• “yeast extract”6 (Avoid unless you have contacted the manufacturer and have been told the source of the yeast is NOT spent yeast from beer manufacturing). Visit level 3 for more information on yeast extracts.

    If you do not see any of these words on the label of an FDA-regulated food then the product is unlikely to include any gluten-containing ingredients.

 

When choosing naturally gluten-free grains (e.g., millet grain) and flours (e.g., sorghum flour), and products made from them (e.g., rice crackers, corn-based cereal), it is highly recommended that you choose only labeled gluten-free products even if you do not see any gluten-containing ingredients on the food label. 4, 5

This recommendation is due to the high risk of cross contact of gluten-free grains with wheat, barley, and rye. 4. 5 Visit the section on Cross Contamination of Gluten-Free Grains for detailed information.

TAKE HOME MESSAGES:

  • Always read food labels.
  • Look for the gluten-free label.
  • If a food is not labeled gluten-free look for the words and terms, "wheat," "barley," "rye," "oats," "malt," "brewer's yeast" and "yeast extract" in the ingredients list and, in the case of "wheat," in the Contains statement.
  • When buying naturally gluten-free grains, flours, and products made from them, choose varieties that are labeled gluten-free.

RESOURCES FOR YOU:

Food Allergen Labeling And Consumer Protection Act of 2004 Questions and Answers: Information for Consumers. Food and Drug Administration. http://www.fda.gov/Food/LabelingNutrition/FoodAllergensLabeling/GuidanceComplianceRegulatoryInformation/ucm106890.htm. Accessed November 5, 2011. 

FDA Gluten-Free Labeling. Gluten-Free Dietitian. http://www.glutenfreedietitian.com/newsletter/fda-gluten-free-labeling/

Food Allergen Labeling and Consumer Protection Act. Gluten-Free Dietitian.http://www.glutenfreedietitian.com/newsletter/food-allergen-labeling-and-consumer-protection-act/

How to Tell if a Food is Gluten Free. Gluten Free Dietitian. http://www.glutenfreedietitian.com/newsletter/dietcom-blog-how-to-tell-if-a-food-is-gluten-free/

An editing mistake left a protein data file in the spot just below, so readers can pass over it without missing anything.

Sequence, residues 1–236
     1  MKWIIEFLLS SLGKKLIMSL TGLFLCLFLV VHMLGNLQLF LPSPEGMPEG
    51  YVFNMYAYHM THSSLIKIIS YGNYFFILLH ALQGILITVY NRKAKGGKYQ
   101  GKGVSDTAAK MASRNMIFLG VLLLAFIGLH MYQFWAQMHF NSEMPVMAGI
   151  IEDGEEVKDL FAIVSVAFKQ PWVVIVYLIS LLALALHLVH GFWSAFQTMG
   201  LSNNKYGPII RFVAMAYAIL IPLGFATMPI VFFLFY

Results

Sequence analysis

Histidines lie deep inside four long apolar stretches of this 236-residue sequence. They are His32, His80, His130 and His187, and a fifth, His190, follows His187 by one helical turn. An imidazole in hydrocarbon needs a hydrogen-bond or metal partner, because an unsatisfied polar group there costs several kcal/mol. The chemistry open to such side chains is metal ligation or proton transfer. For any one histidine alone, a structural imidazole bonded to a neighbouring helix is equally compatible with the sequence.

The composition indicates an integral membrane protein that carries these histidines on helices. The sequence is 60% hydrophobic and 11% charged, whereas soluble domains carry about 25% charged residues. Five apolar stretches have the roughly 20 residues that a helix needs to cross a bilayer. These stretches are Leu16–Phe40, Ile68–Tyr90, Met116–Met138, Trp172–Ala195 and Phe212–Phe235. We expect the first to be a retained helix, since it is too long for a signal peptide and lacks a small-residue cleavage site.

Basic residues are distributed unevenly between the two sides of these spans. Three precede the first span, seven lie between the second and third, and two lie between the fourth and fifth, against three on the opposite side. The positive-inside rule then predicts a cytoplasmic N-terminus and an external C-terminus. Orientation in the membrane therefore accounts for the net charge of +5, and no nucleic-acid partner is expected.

References:

  1. U.S. Food and Drug Administration. Federal Register Proposed Rule—78 FR 150 August 5, 2013. Food Labeling: Gluten Free Labeling of Foods. http://www.gpo.gov/fdsys/pkg/FR-2013-08-05/pdf/2013-18813.pdf. Accessed November 19, 2013.
  2. US Food and Drug Administration. Center for Safety and Applied Nutrition. Food Allergen Labeling and Consumer Protection Act of 2004 (Title II of Public Law 108-282). August 2004. http://www.fda.gov/food/labelingnutrition/FoodAllergensLabeling/GuidanceComplianceRegulatoryInformation/ucm106187.htm. Accessed October 13, 2011.
  3. US Food and Drug Administration. Food Allergen Labeling And Consumer Protection Act of 2004 Questions and Answers: Information for Consumers. December 12, 2005; Updated July 18, 2006. http://www.fda.gov/Food/LabelingNutrition/FoodAllergensLabeling/GuidanceComplianceRegulatoryInformation/ucm106890.htm. Accessed October 14, 2012
  4. Thompson, T. ADA Pocket Guide to Gluten-Free Strategies for Clients with Multiple Diet Restrictions . American Dietetic Association. Chicago, IL, 2011.
  5. Celiac Disease Toolkit. American Dietetic Association. Chicago, IL, 2011.
  6. Gluten-Free Dietitian – Update on Gluten-Free Status of Yeast Extract. http://www.glutenfreedietitian.com/newsletter/2013/02/07/update-on-gluten-free-status-of-yeast-extract/. Accessed December 4, 2013.

Revision Date: 12-4-13 
Author: Tricia Thompson, MS, RD 
Editors: Melinda Dennis, MS, RD, LDN and Daniel Leffler, MD, MS